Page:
Kate del Castillo: Sean Penn's El Chapo Piece Was 'Bullshit'

Illustration for article titled Kate del Castillo: Sean Penn's El Chapo Piece Was 'Bullshit'

One of the more unbelievable capers in modern journalism is, of course, that an A-list actor was dispatched by the editor-in-chief of a formerly gonzo music magazine to secretly interview the fugitive mastermind of a deadly Mexican drug cartel, for an interview that he was allowed to pre-approve before publication. Put plainly, it truly sounds like the plot of the next Coen Brothers film, particularly when one considers that some people theorize that the A-list actor—who also fancies himself a human rights activist—may have in fact been working as an undercover proxy for the US government, seeking to capture the drug baron after he escaped from prison by literally digging a fucking tunnel out of it.


How, even!?

By the wits and wiles of a telenovela star friendly with the cartel boss, of course! A new piece in the New Yorker looks to understand the motivation Kate del Castillo had in coordinating a meeting between hapless antihero and erstwhile journalist Sean Penn and El Chapo Guzman (besides, of course, the pretext of making a film about the latter’s life). One of the main takeaways: a bunch of the crap Penn wrote in his article was “bullshit,” as one might have surmised from the elaborate prose and non sequitur personal reflections with which he peppered it. Also, she says he didn’t tell her about his intent to write an article until after she’d already taken to see Guzman. Not to cast aspersions on your favorite piece of journalism this year! But:

Del Castillo says that Penn’s claim that he told her about his idea for an article at their first meeting is “total and complete bullshit,” and that his mention of the story to El Chapo was the first she had heard of it. “This was not how I was expecting the night to be,” she told me. “But at the moment I thought, Maybe we can base the movie on this article.” For several hours, del Castillo served as translator. They discussed Hugo Chávez, the Mexican government, and Donald Trump. El Chapo seemed genuinely curious about whether the American public knew who he was. Penn told him that he would like to hang around for two more days. El Chapo replied that this was impossible. He suggested that they reconvene eight days later. Penn said that he would be happy to do so. He also offered to give their host final approval of the story. Of that decision, Wenner told the Times, “It was a small thing to do in exchange for what we got.”

Penn did not, del Castillo tells the New Yorker, “take notes or record the conversation”—which probably goes a long way towards explaining that interlude about his life as a surfer on fucking Malibu—and only after they had met did El Chapo answer Penn’s questions for his Rolling Stone article. (If there’s ever any doubt that white men get special treatment in journalism, even if they’re celebrities who cannot write, look no further.) Penn gets his due here, though:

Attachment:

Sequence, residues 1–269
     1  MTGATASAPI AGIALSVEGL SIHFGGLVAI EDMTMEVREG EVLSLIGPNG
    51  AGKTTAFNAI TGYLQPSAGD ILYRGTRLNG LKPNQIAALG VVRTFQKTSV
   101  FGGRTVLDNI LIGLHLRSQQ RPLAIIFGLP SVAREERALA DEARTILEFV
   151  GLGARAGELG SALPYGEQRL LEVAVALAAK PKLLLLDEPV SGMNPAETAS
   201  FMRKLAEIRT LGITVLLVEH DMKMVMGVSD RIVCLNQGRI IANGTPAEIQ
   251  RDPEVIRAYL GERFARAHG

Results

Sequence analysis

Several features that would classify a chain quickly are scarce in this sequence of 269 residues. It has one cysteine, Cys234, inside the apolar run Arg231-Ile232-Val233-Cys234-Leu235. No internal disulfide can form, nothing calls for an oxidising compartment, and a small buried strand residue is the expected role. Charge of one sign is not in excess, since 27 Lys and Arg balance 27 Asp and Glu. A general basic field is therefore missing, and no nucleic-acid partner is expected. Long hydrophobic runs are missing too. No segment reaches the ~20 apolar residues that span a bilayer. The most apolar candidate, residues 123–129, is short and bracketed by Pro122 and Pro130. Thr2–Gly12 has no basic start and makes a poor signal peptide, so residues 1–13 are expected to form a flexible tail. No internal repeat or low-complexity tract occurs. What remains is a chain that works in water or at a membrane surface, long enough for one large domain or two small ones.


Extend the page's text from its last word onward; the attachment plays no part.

“You’re talking to the biggest criminal in the world, and you ask him if he loves his mother,” Sabina Berman, a Mexican essayist and playwright who has written extensively about El Chapo, said to me. “And you don’t ask him, O.K., is the Army working with you? Who distributes the drugs in America? Who are your partners, or are you distributing them yourself? How about the police in America, the D.E.A.—is it true that they have a pact with you? What about the heroin trade that is growing in America—is it you or is it someone else?” She added, “This was no interview. This was a publicity stunt.”

This highlights what was so infuriating and irresponsible about the piece in the first place, and why even with the best intentions Penn’s activism can seem self-aggrandizing: he claimed to be more interested in sparking a conversation about the drug war, but in his time in a once-in-a-lifetime interview with the leader of the biggest and most deadly drug cartel in México and the world, he didn’t seem to show any meaningful awareness of the human casualties therein. And, even though Kate del Castillo clearly has some major probs of her own to work through—like, mujer, I know it’s probably advantageous in many ways (including the act of continuing to stay alive) to befriend a guy like El Chapo, but come the fuck on—yet she appears to have gotten totally fucked over by Penn in his efforts to... what? Get a Pulitzer? The whole enterprise was for shame, and a mess.

Contact the author at julianne@jezebel.com.



The biggest injustice to me, as a journalist, was how POORLY THE DAMN THING WAS WRITTEN. I mean the guy spends the first 8 grafs or something talking about what it’s like to be Sean Penn and walking around NYC in the fall and blah blah blah. Other crap I don’t care about.

I mean you’re interviewing (poorly) the biggest drug lord around and you talk about yourself for most of the article? Lead with him! Lead with the interview!

For anyone else in his position I would say, “Okay he’s not a journo. I get it.”

But Sean Penn clearly thinks he is the revolutionary writer of our time.

So yea, I gotta agree with her.